Hannah R Snyder

Hannah R Snyder
Brandeis University · Department of Psychology

Ph.D.

About

61
Publications
18,510
Reads
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3,967
Citations
Citations since 2017
34 Research Items
3144 Citations
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Introduction
Individual differences in executive functions (EF) are associated with many important aspects of human health and functioning, including mental health. Critically, EF processes continue to develop through the early 20's, a period when new stressors arise during the transition to adulthood and psychopathology risk is high. Our research seeks to better understand the links between EF, stress and stress coping mechanisms, and psychopathology (especially depression and anxiety) during this key adolescent and emerging adulthood period.
Additional affiliations
August 2016 - present
Brandeis University
Position
  • Professor (Assistant)
August 2012 - June 2016
University of Denver
Position
  • PostDoc Position
August 2006 - July 2012
University of Colorado Boulder
Position
  • PhD Student

Publications

Publications (61)
Article
Recent approaches have aimed to represent the dimensional structure of psychopathology, but relatively little research has rigorously tested subdimensions within internalizing psychopathology. Using adult samples harmonized across three sites ( N = 427), this study tested preregistered models of the dimensional structure of internalizing psychopath...
Article
Adolescence and emerging adulthood is likely a sensitive period for the neural effects of stress due to increasing life stress, onset of stress-related disorders, and continued gray matter (GM) development. In adults, stress is associated with GM differences in the medial prefrontal cortex (mPFC), hippocampus, and amygdala, but little is known abou...
Article
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The COVID-19 pandemic significantly disrupted daily life for undergraduates and introduced new stressors (e.g., campus closures). How individuals respond to stressors can interact with stress to increase disorder risk in both unique and transdiagnostic ways. The current study examined how maladaptive and adaptive stress response styles moderated th...
Article
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Background: Emotion regulation deficits are an outcome and risk factor for both insomnia and depression, suggesting that maladaptive emotion regulation might in part explain the bi-directional links between sleep and depression. The current study tests this hypothesis during the COVID-19 pandemic in emerging adult undergraduate students, a high-ris...
Article
Subjective stress severity appraisals have consistently emerged as better predictors of poor health than stressor exposure, but the reason for this is unclear. Subjective stress may better predict poor health for one of at least two reasons. First, because stressor exposure measures consider all stressors as equal, stress severity measures—which “w...
Article
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Both unipolar and bipolar depression have been linked with impairments in executive functioning (EF). In particular, mood symptom severity is associated with differences in common EF, a latent measure of general EF abilities. The relationship between mood disorders and EF is particularly salient in adolescence and young adulthood when the ongoing d...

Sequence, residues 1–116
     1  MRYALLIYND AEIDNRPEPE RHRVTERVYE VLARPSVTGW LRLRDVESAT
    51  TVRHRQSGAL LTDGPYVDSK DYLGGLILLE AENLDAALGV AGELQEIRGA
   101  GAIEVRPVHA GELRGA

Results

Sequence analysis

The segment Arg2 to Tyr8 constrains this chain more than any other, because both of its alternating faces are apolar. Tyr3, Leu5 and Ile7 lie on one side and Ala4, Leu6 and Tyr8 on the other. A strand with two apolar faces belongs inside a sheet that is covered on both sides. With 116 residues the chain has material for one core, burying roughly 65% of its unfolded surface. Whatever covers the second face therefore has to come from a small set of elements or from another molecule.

Article
Understanding the neuroanatomical correlates of internalizing psychopathology during adolescence may shed light on neurodevelopmental processes that make this a critical period for the trajectory of mental illness. However, few studies have simultaneously examined co-occurring and dissociable features of internalizing psychopathology during this fo...
Article
Stressful life events predict changes in brain structure and increases in psychopathology, but not everyone is equally affected by life stress. The learned helplessness theory posits that perceiving life stressors as uncontrollable leads to depression. Evidence supports this theory for youth, but the impact of perceived control diverges based on st...
Article
Poor cognitive control has been associated with maladaptive thinking, like rumination and worry, that increase risk for internalizing psychopathology. However, little research has investigated how cognitive control is associated with commonalities between rumination and worry (i.e., repetitive negative thinking; RNT). The current study aimed to inv...
Article
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Rumination and worry are two types of repetitive negative thinking (RNT) that have been identified as risk factors for depression and anxiety, but it remains unclear whether the common (i.e., RNT) and/or distinct (i.e., temporal orientation and thought content) features of these thinking styles are associated with internalizing psychopathology. The...
Article
Negative emotionality (NE) and multiple cognitive vulnerabilities (CVs) (negative inferential style, brooding, self-criticism, dependency, dysfunctional attitudes) independently predict internalizing outcomes. The present study examined whether NE and CVs could be structurally integrated into a common factor reflecting shared variance across risks,...
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Despite overlapping terminology and assumptions that they tap the same constructs, executive function (EF) task performance and EF/effortful control (EC) questionnaires have been reported to be only weakly correlated. It is unclear if this reflects true lack of association or methodological limitations. The current study addresses past methodologic...